Dabanjan Nandy showcased his animation Chhaya at the Aesthetica Short Film Festival (ASFF) 2015. An old man living with the memory of his beloved wife as his own shadow, finds himself facing a difficult decision: to live in a mesmerising but unreal dream, or to experience life himself? We speak to Nandy to find out more about the story behind this film, and how it came to be realised.
ASFF: Chhaya follows an old man trapped living in the memory of his wife as a shadow. Where did the idea for the film arise from?
DN: I was working on another script which was based on a couple’s life too. I was doing lots of concept arts for it. Once I drew an illustration of an old man sitting in a dance bar, and his shadow was of an old woman. And he was looking at the bar dancer, but his mind was someplace else. Later when I showed it to my partner, she was intrigued by it and I saw a story there. In NFTS when I was pitching ideas for our graduation film, I put this forward and people came with numerous possibilities. It was overwhelming to know that people were able to connect to the idea, but the next part was to find my own interpretation to it which came through an extensive script development process with my writer, Katerina and producer, Josh. Death is like a ultimate breakup and makes everyone linger with the shadow of their loved ones.
ASFF: Since graduating from the National Institute of Design, India, you have continued to work across the fields of 2D and 3D animation. How did your initial love for the genre develop?
DN: After my graduation from National Institute of Design (NID), India, I went on to work on commercials and TV series. It was a great learning curve to learn so much about the production process. I have always loved to draw and was always fascinated with the visual medium. I never thought of making films, but always loved watching them. After my graduation in NID, I was still overwhelmed with the idea of audio visual imagery, but slowly I realised the deeper meanings of the medium. I think i started discovering myself and my taste for story. The values of life, the emotional connections made it more interesting. And from there on the journey is to explore that aspect.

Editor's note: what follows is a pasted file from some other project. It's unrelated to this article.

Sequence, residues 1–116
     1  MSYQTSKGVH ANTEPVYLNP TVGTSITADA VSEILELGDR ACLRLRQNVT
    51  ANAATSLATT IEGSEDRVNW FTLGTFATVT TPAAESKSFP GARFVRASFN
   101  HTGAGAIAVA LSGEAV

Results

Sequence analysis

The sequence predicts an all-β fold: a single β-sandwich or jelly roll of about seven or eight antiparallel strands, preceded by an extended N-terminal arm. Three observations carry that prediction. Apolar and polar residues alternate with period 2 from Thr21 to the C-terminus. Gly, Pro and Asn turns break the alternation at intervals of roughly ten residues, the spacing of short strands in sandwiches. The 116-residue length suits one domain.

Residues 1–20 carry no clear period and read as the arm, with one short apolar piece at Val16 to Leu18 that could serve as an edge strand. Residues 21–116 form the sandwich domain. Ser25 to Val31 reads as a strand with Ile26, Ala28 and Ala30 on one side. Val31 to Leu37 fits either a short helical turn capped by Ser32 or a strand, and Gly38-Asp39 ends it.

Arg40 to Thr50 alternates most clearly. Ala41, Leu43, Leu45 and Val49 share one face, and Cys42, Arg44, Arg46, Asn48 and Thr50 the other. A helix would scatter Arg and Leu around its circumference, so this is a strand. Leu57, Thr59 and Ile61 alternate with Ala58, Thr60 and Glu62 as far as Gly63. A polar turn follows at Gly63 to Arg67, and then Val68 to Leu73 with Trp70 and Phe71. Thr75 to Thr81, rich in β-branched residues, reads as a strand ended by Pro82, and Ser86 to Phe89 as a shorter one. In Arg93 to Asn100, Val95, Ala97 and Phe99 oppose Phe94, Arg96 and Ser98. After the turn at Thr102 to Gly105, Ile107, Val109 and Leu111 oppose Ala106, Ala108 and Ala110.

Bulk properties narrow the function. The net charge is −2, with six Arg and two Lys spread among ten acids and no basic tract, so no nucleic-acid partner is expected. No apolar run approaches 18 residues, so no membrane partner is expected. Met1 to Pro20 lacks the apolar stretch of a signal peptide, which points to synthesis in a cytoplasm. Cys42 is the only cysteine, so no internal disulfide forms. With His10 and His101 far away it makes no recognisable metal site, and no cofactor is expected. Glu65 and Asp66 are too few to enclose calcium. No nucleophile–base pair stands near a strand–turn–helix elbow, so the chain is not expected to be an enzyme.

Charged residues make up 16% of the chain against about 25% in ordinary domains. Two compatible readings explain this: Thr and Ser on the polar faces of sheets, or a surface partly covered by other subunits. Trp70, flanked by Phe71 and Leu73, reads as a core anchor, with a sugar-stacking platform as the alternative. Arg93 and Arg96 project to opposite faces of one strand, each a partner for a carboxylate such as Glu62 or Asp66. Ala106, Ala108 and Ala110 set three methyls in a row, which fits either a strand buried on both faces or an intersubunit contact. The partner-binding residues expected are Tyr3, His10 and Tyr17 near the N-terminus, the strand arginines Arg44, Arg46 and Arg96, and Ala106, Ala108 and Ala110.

ASFF: Chhaya was created during your time at the National Film and Television School, UK. What techniques did you focus on when making the film?
DN: The story of Chhaya is very emotional; the feelings are more important than the plot, and I always connected paintings to feelings. I wanted to have a very painted feel for the piece. One way to go was to do oil on glass which is a stop fame technique. But the story needed a more subtle approach so trying to have both, making sets with oil painted decor and then adding lights to shoot the space. My cinematographer Jannicke helped me in this along with Jacqueline, my Production designer. We built miniature sets, painted with oil along with props. Then we placed the Characters in CG animation to have the process be more fluid and revisions being possible.
ASFF: Your short film screened at ASFF in 2015. What did the experience offer to you and your filmmaking career, and what advice would you offer to emerging practitioners?
DN: I think the screening of films really help young aspiring filmmakers to have a platform to showcase their work and see the audience’s reaction. I think once an audience sees a film, that’s where the film actually gets finished. So its a huge honour and opportunity for me to have Chhaya screened at ASFF. I am really thankful for giving us such a lovely audience to showcase the film.
All I can suggest is to keep making films. Nowadays it has become much easier for people to make films, than it was before. All the tools are at our disposal. I also think having a personal connection is as important in making the film.
ASFF: Can you tell us about any of your upcoming projects?
DN: I am currently developing another script for a short, which is a part of a feature idea, however I want to explore it as a short first. I am also working on a micro short inspired by sound with my sound designer Rob.
To enter ASFF 2016, visit www.asff.co.uk/submit